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What You Need To Know About Drafting and Living with Letters of Intent
I. The Risk of an Unintended Binding Contract.
Blue, Inc. and Green, LLC, two sophisticated commercial parties, agree to begin negotiations for the formation of a joint venture. Blue and Green are both enthusiastic about the proposed venture and believe it would be a profitable endeavor. Green drafts a letter of intent and both parties sign it. The letter of intent lists the basic elements of the proposed venture. It also provides – in its opening paragraph – that the parties are not entering into a binding agreement and do not intend to be bound unless and until several other agreements – the deal documents – are fully negotiated and signed.
Blue and Green then begin to negotiate the specific terms of the proposed venture. During the following 18 months, they exchange numerous red-lined drafts of the deal agreements. Blue and Green also collaborate in planning and preparing for the venture: their executives work closely together on developing a business plan and often refer to one another as “partner” in email communications. Blue and Green form a jointly-owned LLC, which would eventually manage the proposed venture, although neither party contributes any capital to it. Blue, on behalf of this newly formed LLC, places a multi million order for several pieces of equipment that would be used in the venture’s business, although it is ultimately canceled. Blue also hires an architect and an interior decorator to design a facility that it would eventually lease to the joint venture and involves Green in the design process. The parties also design the signage for the new facility and even set a date for a groundbreaking ceremony to mark the beginning of the facility’s construction. After 18 months, Green and Blue have agreed on nearly all the terms of the venture agreements, although neither party has signed any of the agreements.
At that time, however, regulatory changes lead Blue to the conclusion that the proposed venture would be a losing proposition. Blue announces that it will not proceed with the venture. Green, dismayed, sues for breach of contract. Because neither party signed any of the (nearly finalized) venture agreements, Green claims that the parties are bound by a conduct-based oral agreement. Green seeks to recover over $20 million in alleged lost profits.
So, which prevails – the parties’ initial express agreement not to be bound until certain conditions are met, or their subsequent conduct, which arguably evidences mutual intent to be bound?
Unfortunately, this is not an unusual chain of events. The sheer number of cases across the country involving some version of this scenario reflects the inherent risks involved in drafting a letter of intent and, more significantly, living with one. A carelessly drafted letter of intent can be viewed by one party as a binding agreement while the other party believes it is merely a tentative framework for future negotiations. But, as the Green vs. Blue case demonstrates, even a well-drafted, expressly non-binding letter of intent may not be enough to save a party from the costs and uncertainty of litigation when the parties’ subsequent communications or conduct could be interpreted as intent to be immediately bound or, worse, as actual performance of an oral agreement.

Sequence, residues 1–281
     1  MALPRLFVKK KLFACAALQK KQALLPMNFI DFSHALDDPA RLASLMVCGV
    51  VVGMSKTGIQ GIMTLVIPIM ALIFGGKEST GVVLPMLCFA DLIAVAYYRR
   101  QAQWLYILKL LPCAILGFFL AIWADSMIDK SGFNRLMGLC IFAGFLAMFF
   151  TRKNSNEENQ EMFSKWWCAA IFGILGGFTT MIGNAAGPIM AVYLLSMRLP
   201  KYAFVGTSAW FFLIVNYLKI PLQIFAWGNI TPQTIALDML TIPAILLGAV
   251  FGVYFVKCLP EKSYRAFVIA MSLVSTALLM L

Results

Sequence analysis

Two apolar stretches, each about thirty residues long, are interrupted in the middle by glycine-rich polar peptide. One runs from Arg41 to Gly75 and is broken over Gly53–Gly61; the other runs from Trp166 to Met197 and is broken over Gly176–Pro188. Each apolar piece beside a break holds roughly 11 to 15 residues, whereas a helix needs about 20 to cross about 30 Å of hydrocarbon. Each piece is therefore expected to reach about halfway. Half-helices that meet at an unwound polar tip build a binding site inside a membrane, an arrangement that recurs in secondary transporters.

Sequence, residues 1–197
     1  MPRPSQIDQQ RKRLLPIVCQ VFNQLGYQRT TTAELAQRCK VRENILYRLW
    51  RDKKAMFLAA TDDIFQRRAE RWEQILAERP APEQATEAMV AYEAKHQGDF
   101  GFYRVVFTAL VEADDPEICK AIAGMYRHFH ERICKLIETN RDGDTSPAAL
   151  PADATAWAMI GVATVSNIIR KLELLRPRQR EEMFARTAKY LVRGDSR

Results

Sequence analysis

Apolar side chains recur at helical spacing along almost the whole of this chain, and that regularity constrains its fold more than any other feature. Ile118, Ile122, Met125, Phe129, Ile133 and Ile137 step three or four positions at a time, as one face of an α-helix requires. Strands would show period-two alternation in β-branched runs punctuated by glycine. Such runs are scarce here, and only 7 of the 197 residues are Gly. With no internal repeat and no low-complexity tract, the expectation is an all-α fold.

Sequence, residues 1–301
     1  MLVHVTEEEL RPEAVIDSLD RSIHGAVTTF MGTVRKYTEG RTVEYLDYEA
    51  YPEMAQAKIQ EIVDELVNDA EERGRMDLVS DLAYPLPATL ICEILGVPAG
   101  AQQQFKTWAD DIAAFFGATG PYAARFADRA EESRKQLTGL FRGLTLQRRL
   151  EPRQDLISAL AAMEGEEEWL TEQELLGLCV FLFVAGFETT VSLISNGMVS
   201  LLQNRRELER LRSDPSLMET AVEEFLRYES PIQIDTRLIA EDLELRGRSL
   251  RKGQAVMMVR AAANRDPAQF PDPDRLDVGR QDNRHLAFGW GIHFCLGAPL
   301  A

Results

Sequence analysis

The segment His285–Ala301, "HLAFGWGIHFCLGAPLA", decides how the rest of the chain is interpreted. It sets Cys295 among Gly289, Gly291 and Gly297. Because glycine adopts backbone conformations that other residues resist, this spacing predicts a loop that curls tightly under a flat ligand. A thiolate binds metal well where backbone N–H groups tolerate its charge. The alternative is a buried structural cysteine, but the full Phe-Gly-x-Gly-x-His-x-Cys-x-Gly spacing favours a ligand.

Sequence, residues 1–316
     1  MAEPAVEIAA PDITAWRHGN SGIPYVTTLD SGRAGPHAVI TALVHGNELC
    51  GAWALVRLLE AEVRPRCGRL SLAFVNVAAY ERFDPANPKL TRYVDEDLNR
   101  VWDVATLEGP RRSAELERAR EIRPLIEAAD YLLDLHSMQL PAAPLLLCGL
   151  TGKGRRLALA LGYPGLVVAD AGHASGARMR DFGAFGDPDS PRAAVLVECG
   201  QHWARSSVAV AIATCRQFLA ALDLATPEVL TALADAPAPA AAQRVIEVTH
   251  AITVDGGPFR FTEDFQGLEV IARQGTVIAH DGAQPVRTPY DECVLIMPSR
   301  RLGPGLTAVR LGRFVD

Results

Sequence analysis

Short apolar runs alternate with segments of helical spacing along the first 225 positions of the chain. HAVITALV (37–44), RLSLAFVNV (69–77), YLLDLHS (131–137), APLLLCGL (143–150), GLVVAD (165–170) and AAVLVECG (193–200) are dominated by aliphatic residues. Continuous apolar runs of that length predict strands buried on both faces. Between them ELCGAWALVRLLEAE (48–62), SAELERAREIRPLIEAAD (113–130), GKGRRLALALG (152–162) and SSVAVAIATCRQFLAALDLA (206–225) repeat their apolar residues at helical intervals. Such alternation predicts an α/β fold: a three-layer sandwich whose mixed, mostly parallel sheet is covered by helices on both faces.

In other words, it is not enough to draft the perfect letter of intent. In-house counsel and businesses should be aware of the possible consequences of subsequent communications (particularly written ones, including email) and other conduct that may later be construed as superseding or somehow waiving the earlier agreement not to be bound. In the real world of complex business transactions, where significant investment and collaboration are routinely required just to reach a deal, it is often impossible to avoid such communications or conduct. Bearing the risks in mind and following a few simple guidelines, however, will help to keep both parties’ expectations aligned and may save either party from the unintended consequence of a binding agreement or, at the very least, from costly litigation.
II. How Do Courts Deal With Letters Of Intent?
In Arizona, as in virtually every jurisdiction in this country, a contract (including a partnership) may be found based on parties’ oral communications or conduct if it is clear the parties intended to bind themselves, even where they also plan to formalize their agreement in writing and even if certain terms are still missing. Blue and Green did much more than negotiate the terms of the proposed venture. They engaged in collaborative preparatory work: They drafted a business plan, formed a joint entity, worked together to design the venture’s facility and even ordered equipment to be used in the venture’s ongoing business. Putting aside the letter of intent, Green would have a strong argument that the parties are bound by a conduct-based agreement and all that remained is the mere formality of executing the already agreed upon and deal documents.